Mostly, I write at my desk, in my office (a converted upstairs bedroom), typing straight into my computer. However, when I’m working on a first draft, I park myself in a comfy armchair in the sitting room or, occasionally I’ll work in a coffee shop or cafe. I rarely right longhand, but I always have a large journal by my side (I go through several per book) into which I write detailed notes, that are then used in self-editing the manuscript. It usually takes me a number of drafts to get the story right. From second draft onwards I seek feedback on the manuscript from trusted beta readers.

What advice would you give new authors hoping to become published?

Gosh, Marcia, I’m only a debut novelist so I’m not sure that I’m qualified to give advice. I’ll try, though. The first thing I would suggest would be to read as widely as possible, especially within your chosen genre, because you learn so much about the craft of writing by studying other authors’ work. Also I’m a great fan of writing guides. I know some people believe that writing can’t be taught. My answer to that is that talent can’t be, but technique surely can. I have a study-full of helpful books that helped me on my journey to publication. I’d advise new writers to start with the more generic guides and, as their writing skills progress, to move on to the more in-depth books devoted to plot and structure, character, dialogue etc. For the self-editing process I’ve found James Scott Bells’ book on Plot and Structure indispensable. Websites can also be useful – there are lots of very helpful ones out there, including yours. One I highly recommend is the Words and Pictures online magazine from the British Isles chapter of the Society of Children’s Book writers and Illustrators (SCWBI). Another suggestion is to seek out other writers – join a critique group (impartial feedback on your work is essential), attend courses and conferences if possible. If you’re a children’s or YA writer then seriously consider joining SCBWI – the support from the other members is amazing. Above all, write as often as you can. Don’t be a perfectionist – give yourself permission to write drivel. But get that story written! OK you might think your first draft is rubbish, but you can always iron out any problems through the revision process. With each draft, the story that you are trying to tell will slowly evolve. Finally, if you love writing and dream of being published then don’t let anything stop you, least of all yourself. Try not to be discouraged by rejections from agents and publishers – easier said than done, I know (from experience!). The thing is, rejection comes with the territory but as someone wiser than I pointed out, try to look at each one as another step along the road to acceptance. Good luck!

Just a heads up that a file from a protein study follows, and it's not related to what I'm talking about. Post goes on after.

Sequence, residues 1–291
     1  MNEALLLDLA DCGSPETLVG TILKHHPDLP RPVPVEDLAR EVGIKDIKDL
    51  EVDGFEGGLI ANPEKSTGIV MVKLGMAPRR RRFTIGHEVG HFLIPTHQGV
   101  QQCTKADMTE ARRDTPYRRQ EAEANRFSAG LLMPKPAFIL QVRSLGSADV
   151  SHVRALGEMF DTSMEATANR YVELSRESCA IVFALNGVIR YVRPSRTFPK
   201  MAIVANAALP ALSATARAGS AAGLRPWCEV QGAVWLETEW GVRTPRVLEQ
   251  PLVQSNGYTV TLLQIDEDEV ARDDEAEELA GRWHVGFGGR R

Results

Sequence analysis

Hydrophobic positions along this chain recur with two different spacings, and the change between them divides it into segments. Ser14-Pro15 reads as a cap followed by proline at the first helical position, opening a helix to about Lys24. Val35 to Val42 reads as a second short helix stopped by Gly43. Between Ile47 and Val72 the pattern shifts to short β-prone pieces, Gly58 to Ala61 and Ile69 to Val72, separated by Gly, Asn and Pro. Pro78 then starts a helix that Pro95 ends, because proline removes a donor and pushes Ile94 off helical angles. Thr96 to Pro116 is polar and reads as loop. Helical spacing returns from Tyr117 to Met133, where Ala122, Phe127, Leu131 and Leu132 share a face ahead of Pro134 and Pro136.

favorite book= Children’s/YA: Skellig by David Almond because that’s the book that inspired me to write for young people.  Adults: It’s a toss up between Persuasion or Pride and Prejudice by Jane Austen.
favorite movie= A Long Walk to Freedom (Nelson Mandela is a hero of mine)
favorite vacation= anywhere by the sea, or soaring mountains. Better still, soaring mountains by the sea.
favorite hobby= reading!
favorite color= All shades of mint (pretty obvious, huh?)

Wonderful, thank you, Christina! Here are links to keep in touch with her:

Twitter: @ChristinaBanach


  1. clarehelenwelsh

    Two great interviews from two very talented authors ! …. And a lovely interviewer too! 🙂


  2. Bobbi Miller

    As always, these are great interviews! Informative and inspirational! And, I love these two books, too. Very well done!


  3. Thank you for the interview, Marcia!


    • You’re welcome, Yvonne. Thank YOU for your wonderful books and knowledge.


  4. Marcia, great interview. I am so happy to see success with a fellow Sky Pony Author!


  5. Rebecca C

    Definitely double delight! Having read (and thoroughly enjoyed) both books, I was pleased to see interviews with their authors. Nice interviews, Ladies!


    • Great to hear you enjoyed both of these exciting well-written books. Thanks, Rebecca!


  6. Ashley

    These interviews are great. I enjoyed meeting Christina and Yvonne!!


  7. Bette Norton

    As always I enjoyed your Author Spotlight Posts and learning about these two authors. Their books look intriguing! It is interesting to hear from other authors their techniques and helpful hints in what works for them in their writing. Your Author Spotlight Posts are a great tool for would be writers and writers that are already established.


  8. I need to acknowledge for penning these very perceptive interviews. They made excellent reading apart from providing authentic introduction to the authors.




  9. Good spotlights, thank you. And thanks for stopping by my blog.